2014-11-26: Metro Vancouver (GVRD) vs. Port Moody on OCP

Port Moody to deal with Metro Vancouver legal action in new year
by Janis Warren – The Tri-City News
posted Nov 26, 2014 at 11:00 AM

Metro Vancouver launched a legal petition earlier this month against the city of Port Moody, alleging its new official community plan (OCP) is “invalid.”

In its action, filed Nov. 13 at BC Supreme Court in Vancouver — two days before the city election — Metro Vancouver claims the OCP that Port Moody council adopted 5-2 a month earlier is contrary to provincial legislation.

According to the Metro court filing, Section 866 of the Local Government Act states that all 21 municipalities must have a regional context statement (RCS) accepted by the Metro board in its OCP.

Since Port Moody’s doesn’t, it says, its blueprint for growth effectively does not meet statutory content: “Until such time the new OCP meets the required content required by Section 866 of the Local Government Act, the new OCP is not in force and effect,” the petition states.

Metro Vancouver officials and Port Coquitlam Mayor Greg Moore, who chairs the regional board, which voted in camera to pursue legal action against Port Moody, declined to comment while the case is before the courts.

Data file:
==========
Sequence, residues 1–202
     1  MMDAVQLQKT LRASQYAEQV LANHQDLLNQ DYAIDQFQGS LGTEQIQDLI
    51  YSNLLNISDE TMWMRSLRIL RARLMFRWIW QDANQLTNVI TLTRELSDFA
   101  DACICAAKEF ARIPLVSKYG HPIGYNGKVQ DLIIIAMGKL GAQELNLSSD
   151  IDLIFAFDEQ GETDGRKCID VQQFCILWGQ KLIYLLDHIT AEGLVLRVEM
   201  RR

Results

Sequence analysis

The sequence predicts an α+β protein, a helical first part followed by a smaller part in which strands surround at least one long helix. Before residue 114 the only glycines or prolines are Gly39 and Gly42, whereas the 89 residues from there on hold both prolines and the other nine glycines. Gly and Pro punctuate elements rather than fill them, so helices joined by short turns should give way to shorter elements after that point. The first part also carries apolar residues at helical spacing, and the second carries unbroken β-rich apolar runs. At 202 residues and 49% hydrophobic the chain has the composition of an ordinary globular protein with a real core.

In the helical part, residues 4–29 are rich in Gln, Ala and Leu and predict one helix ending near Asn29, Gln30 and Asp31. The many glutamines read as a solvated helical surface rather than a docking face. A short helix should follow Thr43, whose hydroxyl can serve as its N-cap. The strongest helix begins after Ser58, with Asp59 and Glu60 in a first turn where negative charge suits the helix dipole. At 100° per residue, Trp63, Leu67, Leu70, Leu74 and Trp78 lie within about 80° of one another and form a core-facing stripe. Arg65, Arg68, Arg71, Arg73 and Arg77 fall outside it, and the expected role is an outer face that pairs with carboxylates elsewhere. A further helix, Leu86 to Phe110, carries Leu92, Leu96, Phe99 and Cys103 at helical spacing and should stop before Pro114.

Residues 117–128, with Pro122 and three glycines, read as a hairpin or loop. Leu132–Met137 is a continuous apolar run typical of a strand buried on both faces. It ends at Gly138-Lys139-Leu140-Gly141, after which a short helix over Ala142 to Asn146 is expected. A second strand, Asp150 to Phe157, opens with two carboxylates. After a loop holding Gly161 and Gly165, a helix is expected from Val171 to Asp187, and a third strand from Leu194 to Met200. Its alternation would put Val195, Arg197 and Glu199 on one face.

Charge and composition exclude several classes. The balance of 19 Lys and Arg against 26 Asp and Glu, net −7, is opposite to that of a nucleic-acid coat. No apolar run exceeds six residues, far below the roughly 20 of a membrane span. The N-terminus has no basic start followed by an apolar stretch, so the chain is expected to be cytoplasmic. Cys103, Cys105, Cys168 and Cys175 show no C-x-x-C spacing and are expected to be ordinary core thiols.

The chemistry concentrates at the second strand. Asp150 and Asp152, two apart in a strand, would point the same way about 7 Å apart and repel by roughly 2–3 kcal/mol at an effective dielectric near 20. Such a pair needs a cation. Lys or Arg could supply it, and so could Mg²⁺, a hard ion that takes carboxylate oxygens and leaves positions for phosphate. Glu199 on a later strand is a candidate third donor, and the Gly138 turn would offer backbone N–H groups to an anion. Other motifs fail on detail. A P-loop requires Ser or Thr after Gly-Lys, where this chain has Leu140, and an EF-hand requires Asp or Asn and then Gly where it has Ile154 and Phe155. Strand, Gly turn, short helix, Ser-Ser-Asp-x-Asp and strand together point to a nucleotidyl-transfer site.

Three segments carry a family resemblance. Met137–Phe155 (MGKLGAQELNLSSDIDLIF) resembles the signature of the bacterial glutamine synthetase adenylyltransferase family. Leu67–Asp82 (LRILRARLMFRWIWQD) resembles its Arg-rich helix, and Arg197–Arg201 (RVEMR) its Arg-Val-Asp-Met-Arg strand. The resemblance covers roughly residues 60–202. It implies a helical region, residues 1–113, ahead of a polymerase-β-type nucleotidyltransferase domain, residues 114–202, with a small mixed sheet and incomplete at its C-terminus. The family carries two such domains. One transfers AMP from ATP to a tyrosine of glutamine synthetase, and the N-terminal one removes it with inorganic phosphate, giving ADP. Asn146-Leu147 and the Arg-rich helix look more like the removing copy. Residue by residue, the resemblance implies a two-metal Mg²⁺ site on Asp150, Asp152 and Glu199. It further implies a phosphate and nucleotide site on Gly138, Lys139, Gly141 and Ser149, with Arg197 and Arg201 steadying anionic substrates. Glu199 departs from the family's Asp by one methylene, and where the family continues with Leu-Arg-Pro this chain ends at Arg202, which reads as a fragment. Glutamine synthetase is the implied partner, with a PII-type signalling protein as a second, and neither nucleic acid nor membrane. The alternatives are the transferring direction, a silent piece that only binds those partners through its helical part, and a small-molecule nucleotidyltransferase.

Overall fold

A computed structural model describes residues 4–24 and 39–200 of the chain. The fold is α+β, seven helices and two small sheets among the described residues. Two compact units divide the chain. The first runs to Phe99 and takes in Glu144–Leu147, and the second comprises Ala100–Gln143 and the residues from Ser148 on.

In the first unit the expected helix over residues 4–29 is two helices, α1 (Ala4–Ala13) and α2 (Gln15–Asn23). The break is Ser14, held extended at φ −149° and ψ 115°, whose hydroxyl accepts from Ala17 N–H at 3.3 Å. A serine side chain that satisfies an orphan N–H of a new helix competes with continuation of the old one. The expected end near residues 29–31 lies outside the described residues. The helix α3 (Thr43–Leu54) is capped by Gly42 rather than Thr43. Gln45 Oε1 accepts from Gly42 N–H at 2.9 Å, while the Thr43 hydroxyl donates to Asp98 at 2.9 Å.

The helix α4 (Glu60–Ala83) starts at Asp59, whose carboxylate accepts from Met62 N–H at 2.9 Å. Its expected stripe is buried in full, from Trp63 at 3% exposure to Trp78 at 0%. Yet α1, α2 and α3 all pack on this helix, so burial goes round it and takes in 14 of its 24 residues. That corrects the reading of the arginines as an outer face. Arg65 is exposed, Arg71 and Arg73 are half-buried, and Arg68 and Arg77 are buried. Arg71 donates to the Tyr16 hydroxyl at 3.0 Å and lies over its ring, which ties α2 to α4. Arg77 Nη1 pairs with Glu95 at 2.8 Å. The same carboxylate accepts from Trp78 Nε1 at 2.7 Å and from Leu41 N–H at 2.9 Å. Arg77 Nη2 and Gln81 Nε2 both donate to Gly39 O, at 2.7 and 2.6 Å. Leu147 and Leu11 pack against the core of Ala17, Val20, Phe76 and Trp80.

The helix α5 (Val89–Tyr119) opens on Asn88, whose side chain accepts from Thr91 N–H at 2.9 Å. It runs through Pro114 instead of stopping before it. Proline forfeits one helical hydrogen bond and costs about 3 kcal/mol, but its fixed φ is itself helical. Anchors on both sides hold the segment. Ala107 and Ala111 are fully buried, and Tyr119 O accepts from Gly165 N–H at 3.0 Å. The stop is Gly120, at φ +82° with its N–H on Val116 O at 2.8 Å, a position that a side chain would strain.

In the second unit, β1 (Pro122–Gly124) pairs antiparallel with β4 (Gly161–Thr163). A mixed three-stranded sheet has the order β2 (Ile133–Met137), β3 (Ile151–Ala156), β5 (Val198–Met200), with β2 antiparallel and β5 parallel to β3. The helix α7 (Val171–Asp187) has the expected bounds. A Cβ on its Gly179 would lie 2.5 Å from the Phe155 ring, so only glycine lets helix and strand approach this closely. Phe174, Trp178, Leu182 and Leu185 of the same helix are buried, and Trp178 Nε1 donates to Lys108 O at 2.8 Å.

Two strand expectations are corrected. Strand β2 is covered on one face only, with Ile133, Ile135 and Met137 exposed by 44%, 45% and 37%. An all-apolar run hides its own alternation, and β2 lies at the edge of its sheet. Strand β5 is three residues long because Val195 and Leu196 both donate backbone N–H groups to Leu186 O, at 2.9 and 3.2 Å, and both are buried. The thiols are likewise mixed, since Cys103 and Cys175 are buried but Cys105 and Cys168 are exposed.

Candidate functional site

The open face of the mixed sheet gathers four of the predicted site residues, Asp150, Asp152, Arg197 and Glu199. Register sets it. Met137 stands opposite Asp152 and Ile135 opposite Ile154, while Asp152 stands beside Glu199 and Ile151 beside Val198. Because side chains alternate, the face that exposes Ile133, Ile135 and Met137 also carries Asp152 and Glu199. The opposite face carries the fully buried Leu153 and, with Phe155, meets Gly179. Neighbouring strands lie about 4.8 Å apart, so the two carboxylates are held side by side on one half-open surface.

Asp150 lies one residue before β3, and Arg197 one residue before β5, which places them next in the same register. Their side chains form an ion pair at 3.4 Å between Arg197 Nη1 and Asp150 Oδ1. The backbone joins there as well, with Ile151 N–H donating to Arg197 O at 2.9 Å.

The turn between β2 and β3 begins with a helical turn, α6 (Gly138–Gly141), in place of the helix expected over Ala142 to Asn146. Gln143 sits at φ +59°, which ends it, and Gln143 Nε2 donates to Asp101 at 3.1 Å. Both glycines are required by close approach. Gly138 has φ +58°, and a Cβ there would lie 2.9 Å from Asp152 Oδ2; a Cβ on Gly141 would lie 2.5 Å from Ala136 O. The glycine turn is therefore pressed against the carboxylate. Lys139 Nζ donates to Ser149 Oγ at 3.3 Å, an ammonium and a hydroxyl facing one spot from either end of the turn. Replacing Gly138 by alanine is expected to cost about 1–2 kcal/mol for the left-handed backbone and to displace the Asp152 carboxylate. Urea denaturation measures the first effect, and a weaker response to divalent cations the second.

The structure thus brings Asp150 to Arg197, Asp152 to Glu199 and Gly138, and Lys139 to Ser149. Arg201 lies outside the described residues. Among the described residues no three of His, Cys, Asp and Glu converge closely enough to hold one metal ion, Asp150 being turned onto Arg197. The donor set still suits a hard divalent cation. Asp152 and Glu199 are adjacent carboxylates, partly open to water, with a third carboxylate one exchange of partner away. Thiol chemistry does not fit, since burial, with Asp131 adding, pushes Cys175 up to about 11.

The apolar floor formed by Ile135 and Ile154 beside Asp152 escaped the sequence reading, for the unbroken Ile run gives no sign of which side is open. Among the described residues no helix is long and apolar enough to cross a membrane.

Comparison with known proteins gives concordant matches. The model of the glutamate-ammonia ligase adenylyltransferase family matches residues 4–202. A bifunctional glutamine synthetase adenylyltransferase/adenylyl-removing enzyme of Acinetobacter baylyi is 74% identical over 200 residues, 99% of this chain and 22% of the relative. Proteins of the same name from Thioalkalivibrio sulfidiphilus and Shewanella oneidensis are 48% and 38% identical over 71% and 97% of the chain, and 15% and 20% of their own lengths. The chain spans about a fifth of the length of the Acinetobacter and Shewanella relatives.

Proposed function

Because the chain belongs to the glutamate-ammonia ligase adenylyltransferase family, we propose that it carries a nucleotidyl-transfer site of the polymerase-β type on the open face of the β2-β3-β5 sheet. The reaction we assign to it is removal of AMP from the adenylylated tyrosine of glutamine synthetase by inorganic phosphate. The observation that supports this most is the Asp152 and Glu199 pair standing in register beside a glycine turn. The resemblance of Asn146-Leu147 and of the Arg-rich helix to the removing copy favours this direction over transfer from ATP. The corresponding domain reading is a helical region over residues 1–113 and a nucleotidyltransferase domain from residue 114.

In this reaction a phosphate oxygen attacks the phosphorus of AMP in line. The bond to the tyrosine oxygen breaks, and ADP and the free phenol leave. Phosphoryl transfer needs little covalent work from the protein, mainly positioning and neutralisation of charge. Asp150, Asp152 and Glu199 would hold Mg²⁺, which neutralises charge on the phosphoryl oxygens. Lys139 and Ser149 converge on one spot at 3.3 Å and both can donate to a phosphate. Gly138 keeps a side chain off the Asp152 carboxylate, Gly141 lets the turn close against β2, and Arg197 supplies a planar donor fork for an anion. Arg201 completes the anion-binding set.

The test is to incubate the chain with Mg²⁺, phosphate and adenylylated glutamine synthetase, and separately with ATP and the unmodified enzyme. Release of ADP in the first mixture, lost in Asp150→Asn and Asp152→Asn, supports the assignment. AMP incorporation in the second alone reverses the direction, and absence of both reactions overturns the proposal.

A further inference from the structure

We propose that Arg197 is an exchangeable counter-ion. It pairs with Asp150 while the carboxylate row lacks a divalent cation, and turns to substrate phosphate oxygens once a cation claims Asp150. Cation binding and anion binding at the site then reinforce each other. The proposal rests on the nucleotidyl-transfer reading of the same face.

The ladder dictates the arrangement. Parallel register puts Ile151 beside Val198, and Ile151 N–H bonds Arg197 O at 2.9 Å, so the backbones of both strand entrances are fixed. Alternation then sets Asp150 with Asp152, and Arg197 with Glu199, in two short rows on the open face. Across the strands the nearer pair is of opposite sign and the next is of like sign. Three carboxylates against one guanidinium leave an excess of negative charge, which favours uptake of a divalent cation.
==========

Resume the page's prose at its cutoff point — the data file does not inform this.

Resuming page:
“We’re looking for a way to resolve it,” Metro spokesperson Bill Morrell said.

Port Moody Mayor Mike Clay said the legal challenge by Metro was expected.

On Monday, he told The Tri-City News the city had been discussing the land use matter with Metro for some time. In the spring, when the city took its proposed OCP to Metro for comment, Clay said Metro suggested the city make four changes, of which two were later approved and two denied. Those two concerned the Mill and Timber (Flavelle mill) site next to Rocky Point Park and the former Andrés Winery.

Clay said Metro insisted those sites be moved from industrial to general urban use — something the city did not want to do because there was no immediate plan to develop them.

Clay said Metro then reversed its decision, denying Port Moody a change from industrial to general urban. “We said, ‘We’re OK with that because they’re industrial sites with a special-study area overlay,'” Clay said, adding, “This is why we’ve gotten where we’ve gotten, because there’s basically a disagreement with the semantics of what they’re doing. They told us what to do then voted against it.”